John Robb on the netarchical exploitation of cognitive slaves

John Robb has written a very provocative editorial piece in his blog:

“The companies that have created the most new value in the last decade, are Internet companies like Facebook, Google, etc. They’ve created hundreds of billions in market value, driven by billions in financial profits. Good for them, but bad for us.

Why? IF these companies represent the most valuable new industry of the early 21st Century, where are the jobs that will provide prosperity for millions today, and potentially tens of millions in the future? They don’t exist. These companies create few real jobs.

The distressing part is that in reality these companies actually employ hundreds of millions of people, particularly young and otherwise un or underemployed superusers. People that work for them day in and day out for free: finding, sifting, sorting, connecting, building, etc.

Let’s take Facebook as an example. Currently it’s valued at ~$25 billion by the market. However, it could be argued that ~100,000 superusers out of 500 million part time users, are the reason that Facebook is valuable. They generate the core network that is the backbone of the tool. Their devoted use, high levels of connectivity, and loyalty forms the engine that grows Facebook, year in and year out. They are the materials, labor, and product of Facebook’s assembly line. Yet they aren’t paid for their effort. They aren’t generating wealth for themselves or their families.

How much wealth? If we awarded 4/5 ths of the value of Facebook (and the same exercise could be done with Google at a couple of million superusers) to its superusers, leaving the tool managers $5 billion in value, each superuser would now be worth $200,000 from their contributions to this tool alone. But they aren’t. They haven’t earned a penny for their effort.

One way to look at this is that we are truly in trouble. If the industries of the future are based on cognitive slavery, we all lose. However, as an entrepreneur, an optimist (believe it or not), and a believer in the potential for social/economic improvement, I think this can be corrected. I believe it’s possible to build tools and the companies that manage them, in a way that actually rewards the people that do most of the work. All we need to do is make it possible.”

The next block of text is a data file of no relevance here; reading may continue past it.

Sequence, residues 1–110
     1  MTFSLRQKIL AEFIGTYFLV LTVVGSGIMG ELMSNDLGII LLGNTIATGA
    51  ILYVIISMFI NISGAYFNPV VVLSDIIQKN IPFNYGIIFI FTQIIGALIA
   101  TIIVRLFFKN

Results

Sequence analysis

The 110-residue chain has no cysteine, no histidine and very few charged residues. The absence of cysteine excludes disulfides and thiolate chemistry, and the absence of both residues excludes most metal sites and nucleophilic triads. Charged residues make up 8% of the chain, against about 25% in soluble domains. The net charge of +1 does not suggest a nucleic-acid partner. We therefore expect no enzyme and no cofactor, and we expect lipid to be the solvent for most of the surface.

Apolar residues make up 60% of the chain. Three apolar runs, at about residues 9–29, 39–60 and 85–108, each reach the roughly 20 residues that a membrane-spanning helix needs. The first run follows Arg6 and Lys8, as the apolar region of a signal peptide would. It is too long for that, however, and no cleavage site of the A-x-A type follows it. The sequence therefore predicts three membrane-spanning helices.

1 Comment John Robb on the netarchical exploitation of cognitive slaves

  1. AvatarTom Crowl

    Absolutely true!

    In a piece I wrote a couple of years ago I stated:

    “… in many cases, and as a result of the Internet’s unique nature, the value is actually produced from a distributed network which extends beyond the boundaries of the entity which focuses that value into marketable form and derives the market’s benefits.

    The Internet is a landscape not a business. But as a landscape its qualities are unlike normal geographies since proximity is fundamentally redefined (farther in space and longer in time become closer and shorter respectively). This results in both greater productivity but also reduced opportunities to extract surplus value from the points along that chain from product to consumer since that chain no longer exists.”

    And later in the same piece:

    “Further, the availability of information and communication technology COMBINED with the implications of the Ultimatum Game in a shrinking and interdependent world make vast imbalances in wealth and power much LESS viable than they once were. Which suggests that a minimal drawing right against the commons for basic necessities may now be a practical necessity… in addition to the moral imperative it’s always been.”

    Miscellaneous on Status Updates, Distributed Intelligence & New Economies

    Economic ‘evolution’ requires the sort of ‘distributed resilience’ that you are also advocating. I’m convinced that the Commons-dedicated Account Network forms the root of a needed catalyst and tool for the self-organization and empowerment of new economic tribes.

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